Good design takes variables into account. Whether you're designing a website, a building, a marketing campaign, a lesson, or a life, the things you know are just as important as the things you don't know. But even more important is to consider the things you think you know that it turns out you did not. Or, as Donald Rumsfeld puts it: The Unknown Knowns.
It's easy to say—when things are going well—that it was "all part of the design." But when things break, when accidents happen, when human being do dumb things, what will you say then? Responsible planners, creators, architects, designers, will still respond: "it was all part of the design."
Because stuff happens! Things outside of your control will happen. Cars will run into you even if you have your wits about you and are driving the speed limit. But that's why you have insurance, to plan for the unknown knowns, that is to say, the things you think know (good driving = zero accidents) that it turns out you did not (some high schooler ran the red light on his way to school and hit you).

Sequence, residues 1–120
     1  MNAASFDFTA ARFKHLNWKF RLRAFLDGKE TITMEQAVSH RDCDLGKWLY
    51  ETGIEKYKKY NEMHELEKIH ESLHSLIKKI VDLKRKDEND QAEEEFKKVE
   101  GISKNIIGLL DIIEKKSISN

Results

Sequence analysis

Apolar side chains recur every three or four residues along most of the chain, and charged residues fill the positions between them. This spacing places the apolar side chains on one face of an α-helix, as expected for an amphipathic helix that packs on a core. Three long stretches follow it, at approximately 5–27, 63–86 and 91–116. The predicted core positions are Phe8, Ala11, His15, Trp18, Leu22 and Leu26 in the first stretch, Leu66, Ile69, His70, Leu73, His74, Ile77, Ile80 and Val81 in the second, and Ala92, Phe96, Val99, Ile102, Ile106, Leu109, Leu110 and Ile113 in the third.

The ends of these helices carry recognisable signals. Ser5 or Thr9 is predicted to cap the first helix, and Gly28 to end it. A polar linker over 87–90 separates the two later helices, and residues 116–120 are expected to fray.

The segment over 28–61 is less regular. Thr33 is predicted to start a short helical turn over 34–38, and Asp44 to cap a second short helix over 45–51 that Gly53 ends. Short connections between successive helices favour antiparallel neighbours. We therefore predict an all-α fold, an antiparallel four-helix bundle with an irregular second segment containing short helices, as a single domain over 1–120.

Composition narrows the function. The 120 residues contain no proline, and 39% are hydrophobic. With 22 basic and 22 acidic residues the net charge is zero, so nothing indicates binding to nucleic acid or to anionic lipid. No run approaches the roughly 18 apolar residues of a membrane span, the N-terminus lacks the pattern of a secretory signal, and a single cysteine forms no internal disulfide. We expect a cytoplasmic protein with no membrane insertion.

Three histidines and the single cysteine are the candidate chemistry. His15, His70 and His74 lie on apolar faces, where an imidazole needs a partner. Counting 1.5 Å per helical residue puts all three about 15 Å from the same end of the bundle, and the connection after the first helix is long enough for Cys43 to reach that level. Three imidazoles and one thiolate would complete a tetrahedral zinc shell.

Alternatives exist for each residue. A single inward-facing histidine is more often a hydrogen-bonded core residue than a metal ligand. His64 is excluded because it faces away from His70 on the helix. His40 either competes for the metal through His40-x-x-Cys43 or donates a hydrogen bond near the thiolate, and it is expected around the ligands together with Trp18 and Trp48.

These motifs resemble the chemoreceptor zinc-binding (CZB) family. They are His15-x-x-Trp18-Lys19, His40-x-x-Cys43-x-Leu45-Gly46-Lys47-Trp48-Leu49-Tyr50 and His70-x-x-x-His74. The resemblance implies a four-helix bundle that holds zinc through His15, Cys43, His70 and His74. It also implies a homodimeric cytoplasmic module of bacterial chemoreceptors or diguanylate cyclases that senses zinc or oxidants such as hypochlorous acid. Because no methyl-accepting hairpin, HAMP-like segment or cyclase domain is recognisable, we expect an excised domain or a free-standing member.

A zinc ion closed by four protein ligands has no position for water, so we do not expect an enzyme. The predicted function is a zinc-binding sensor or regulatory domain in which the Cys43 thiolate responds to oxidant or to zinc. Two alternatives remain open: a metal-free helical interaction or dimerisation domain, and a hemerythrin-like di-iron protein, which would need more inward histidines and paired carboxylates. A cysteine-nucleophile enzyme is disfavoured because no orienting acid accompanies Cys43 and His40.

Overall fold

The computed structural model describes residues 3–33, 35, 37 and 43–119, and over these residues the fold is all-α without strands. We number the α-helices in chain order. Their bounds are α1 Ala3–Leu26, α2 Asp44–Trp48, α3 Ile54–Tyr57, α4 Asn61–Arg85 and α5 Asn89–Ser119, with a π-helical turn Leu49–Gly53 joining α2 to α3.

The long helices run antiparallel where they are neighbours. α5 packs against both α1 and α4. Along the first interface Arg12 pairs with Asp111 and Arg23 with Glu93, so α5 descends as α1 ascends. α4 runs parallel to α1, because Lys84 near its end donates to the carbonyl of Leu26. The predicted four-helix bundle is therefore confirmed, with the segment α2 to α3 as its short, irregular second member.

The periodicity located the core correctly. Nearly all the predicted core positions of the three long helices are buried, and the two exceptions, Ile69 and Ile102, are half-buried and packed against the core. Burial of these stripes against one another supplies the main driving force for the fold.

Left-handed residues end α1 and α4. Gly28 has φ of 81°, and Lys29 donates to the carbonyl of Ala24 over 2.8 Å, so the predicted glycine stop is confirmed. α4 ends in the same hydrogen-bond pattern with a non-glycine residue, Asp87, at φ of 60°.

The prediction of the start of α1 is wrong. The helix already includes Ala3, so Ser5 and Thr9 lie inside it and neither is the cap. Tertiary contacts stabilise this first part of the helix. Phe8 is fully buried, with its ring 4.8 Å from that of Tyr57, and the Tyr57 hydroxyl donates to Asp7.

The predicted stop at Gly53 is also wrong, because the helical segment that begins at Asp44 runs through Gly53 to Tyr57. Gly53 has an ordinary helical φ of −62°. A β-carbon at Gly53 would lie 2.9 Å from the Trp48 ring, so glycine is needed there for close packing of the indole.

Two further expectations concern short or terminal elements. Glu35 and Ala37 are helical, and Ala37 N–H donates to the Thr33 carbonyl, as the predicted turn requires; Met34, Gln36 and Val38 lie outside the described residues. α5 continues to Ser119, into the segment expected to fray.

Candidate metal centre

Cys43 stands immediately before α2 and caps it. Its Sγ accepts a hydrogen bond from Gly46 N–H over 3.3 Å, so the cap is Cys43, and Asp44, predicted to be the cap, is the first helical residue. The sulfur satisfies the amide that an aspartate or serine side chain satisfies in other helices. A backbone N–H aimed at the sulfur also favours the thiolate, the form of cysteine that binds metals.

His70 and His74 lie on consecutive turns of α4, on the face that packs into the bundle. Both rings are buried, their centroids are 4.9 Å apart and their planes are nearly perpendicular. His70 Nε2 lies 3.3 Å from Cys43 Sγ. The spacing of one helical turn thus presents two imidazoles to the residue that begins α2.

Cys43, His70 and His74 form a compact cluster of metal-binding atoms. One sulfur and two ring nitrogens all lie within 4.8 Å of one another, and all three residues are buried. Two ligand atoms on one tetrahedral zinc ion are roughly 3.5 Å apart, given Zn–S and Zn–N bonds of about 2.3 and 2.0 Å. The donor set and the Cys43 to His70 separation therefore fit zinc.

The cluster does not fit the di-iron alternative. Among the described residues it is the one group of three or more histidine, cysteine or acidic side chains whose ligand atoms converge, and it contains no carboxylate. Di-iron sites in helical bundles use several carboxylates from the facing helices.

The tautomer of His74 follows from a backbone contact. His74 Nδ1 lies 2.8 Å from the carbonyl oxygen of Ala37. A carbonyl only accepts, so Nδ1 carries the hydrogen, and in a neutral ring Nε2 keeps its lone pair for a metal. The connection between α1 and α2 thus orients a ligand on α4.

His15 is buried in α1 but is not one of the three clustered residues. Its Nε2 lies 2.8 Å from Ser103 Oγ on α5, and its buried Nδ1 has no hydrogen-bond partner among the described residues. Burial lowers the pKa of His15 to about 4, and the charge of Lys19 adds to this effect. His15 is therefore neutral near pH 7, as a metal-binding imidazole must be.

Then there are known knowns. Things you think you know that you actually know. Like controlling how you react to the unknown knowns. How do you feel when accidents happen? Surprised? Disappointed? Frustrated? You may only be making things worse. You have the freedom, a radical capacity to choose your thoughts and beliefs at any given moment.
"You have power over your mind—not outside events. Realize this, and you will find strength." - Marcus Aurelius
This is the art of design.